When I review a book for the blog I try to think through what I liked and disliked about the book. I analyze the book. My last post was such a review of Signature Kill by David Levien. This post is my reaction to the book.
I almost did not finish Signature Kill. The graphic violence quotient far exceeded my tolerance level. For potential readers of the book the balance of this post is bound to contain spoilers.
What stopped me in the midst of reading one page was the description by the killer, when a boy, of dousing a robin chick with lighter fluid and setting the bird alight and watching the bird’s body break down into “a loose gelatinous ball”.
Later the killer, having dismembered a woman he killed, assembles a macabre tableau of body parts:
Her head was pointed in the opposite direction it was meant to. Facing away from him, it sat on top of the pile. The base of her skull, covered by lank blonde hair with dark ginger streaks, rested directly on the shoulders of the torso, while the neck was missing altogether. Then after another instant, Behr located it, a cylinder, removed from its points of attachment, the severed spinal column a white ring centered by pink marrow, ….
I will end the quote there. When I reached that point in the passage I thought about skipping the reading of the rest of the description of the scene. I decided I either keep reading the book in whole or stop altogether. I went ahead and the description continued in graphic detail.
Because Levien is a good writer the violent images are vivid and overwhelming.
While sickened by the passages of torture and killing I still kept reading Signature Kill.
Having started a book I feel a general obligation to finish reading the book, especially when, as here the publisher has given me a copy.
Another part of me was curious to see how Levien sought to have the killer explain his actions.
The killer, on viewing photos of the above creation:
His works are his prayers, his testament to his own godliness and immortality, and that comes through.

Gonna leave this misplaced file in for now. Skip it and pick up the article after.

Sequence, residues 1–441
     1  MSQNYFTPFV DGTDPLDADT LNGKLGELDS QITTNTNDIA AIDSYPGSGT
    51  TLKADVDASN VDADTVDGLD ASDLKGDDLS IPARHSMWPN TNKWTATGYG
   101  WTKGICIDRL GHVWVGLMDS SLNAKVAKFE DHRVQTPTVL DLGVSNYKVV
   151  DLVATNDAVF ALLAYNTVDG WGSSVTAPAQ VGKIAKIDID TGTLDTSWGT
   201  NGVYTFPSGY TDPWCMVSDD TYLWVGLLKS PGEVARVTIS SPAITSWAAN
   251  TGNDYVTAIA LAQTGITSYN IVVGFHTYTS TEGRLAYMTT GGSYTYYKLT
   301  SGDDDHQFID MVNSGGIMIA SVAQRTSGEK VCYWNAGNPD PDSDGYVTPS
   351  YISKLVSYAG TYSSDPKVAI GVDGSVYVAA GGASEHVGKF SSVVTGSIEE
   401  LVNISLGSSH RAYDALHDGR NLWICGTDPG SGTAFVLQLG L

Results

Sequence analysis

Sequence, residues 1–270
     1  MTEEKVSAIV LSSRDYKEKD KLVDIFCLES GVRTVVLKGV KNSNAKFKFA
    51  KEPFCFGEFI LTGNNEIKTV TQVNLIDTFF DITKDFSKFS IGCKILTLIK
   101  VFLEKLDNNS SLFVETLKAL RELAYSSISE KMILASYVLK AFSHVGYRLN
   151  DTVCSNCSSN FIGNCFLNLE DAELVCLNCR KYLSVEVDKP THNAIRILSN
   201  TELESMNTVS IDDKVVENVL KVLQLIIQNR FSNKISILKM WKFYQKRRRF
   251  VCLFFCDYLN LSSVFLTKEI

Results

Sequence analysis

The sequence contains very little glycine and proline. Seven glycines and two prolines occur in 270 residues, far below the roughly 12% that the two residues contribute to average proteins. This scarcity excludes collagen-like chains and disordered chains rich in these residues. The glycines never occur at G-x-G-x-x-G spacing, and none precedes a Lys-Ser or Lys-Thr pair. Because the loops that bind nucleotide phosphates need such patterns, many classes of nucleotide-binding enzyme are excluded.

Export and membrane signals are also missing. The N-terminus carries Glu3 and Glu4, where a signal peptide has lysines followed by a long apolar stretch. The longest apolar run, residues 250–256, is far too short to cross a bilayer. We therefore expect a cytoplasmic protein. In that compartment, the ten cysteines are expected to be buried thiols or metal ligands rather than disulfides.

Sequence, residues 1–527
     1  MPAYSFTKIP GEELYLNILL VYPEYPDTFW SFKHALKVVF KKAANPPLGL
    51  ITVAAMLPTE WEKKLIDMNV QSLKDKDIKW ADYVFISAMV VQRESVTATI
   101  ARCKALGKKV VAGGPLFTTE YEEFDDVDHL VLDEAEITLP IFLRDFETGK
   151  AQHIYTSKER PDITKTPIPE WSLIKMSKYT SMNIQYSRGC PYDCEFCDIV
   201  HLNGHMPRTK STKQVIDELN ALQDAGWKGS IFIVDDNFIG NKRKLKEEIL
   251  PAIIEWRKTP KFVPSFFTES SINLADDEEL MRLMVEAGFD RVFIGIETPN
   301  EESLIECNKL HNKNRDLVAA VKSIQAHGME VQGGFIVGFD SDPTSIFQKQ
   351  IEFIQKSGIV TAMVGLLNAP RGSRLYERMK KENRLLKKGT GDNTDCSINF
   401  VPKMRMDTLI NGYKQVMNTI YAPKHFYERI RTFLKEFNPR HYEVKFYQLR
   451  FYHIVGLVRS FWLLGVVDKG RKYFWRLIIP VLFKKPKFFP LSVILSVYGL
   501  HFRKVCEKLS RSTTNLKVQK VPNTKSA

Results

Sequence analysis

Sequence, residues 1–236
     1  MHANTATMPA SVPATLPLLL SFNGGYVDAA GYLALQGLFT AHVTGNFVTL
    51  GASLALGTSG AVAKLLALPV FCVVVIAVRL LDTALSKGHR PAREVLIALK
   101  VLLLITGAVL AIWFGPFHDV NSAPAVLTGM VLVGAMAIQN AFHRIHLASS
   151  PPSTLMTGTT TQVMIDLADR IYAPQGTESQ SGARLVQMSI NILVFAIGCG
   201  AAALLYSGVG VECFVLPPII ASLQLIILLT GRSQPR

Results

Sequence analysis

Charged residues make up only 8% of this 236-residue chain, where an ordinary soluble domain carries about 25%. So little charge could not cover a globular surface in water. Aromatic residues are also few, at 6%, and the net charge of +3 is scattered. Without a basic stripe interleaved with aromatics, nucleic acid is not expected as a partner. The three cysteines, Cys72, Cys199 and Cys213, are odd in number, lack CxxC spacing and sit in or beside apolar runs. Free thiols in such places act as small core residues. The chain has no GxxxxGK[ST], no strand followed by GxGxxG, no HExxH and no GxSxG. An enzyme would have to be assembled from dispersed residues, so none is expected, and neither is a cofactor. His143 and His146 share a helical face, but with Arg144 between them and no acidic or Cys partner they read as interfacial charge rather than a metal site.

The explanation left me reflecting on “why” which I will pursue in my next post.
My visceral reaction to the book was one of pain. The violent scenes overpowered the story.
I do not read crime fiction to be left sickened by the reading experience. I have enough reading at the office of the cruelties men and women inflict upon each other.
At the big thrill blog Levien discusses writing the book:
“When I was in the thick of it, researching and writing for many hours a day, the work became a very dark place. I felt a deep sense of disquiet. I wouldn’t say I had nightmares, but my dreams became infected by graphic imagery and a sense of heavy foreboding. I stayed in there for a long time, and when the book was finally written, it was a relief to no longer have an excavation of the mind of a depraved killer on my to-do list.”
I agree the book “became a very dark place”.
I appear to be in a minority with regard to the graphic content. At Goodreads I looked at several reviews and but a few mentioned the extreme violence and none were put off by the descriptions. I do not need detailed frequent depictions of torture and violence, whether to men or to women, to grasp a serial killer is monstrous.
I do not expect I will force myself to continue to read a comparable book in the future.
****Levien, David - (2015) - Signature Kill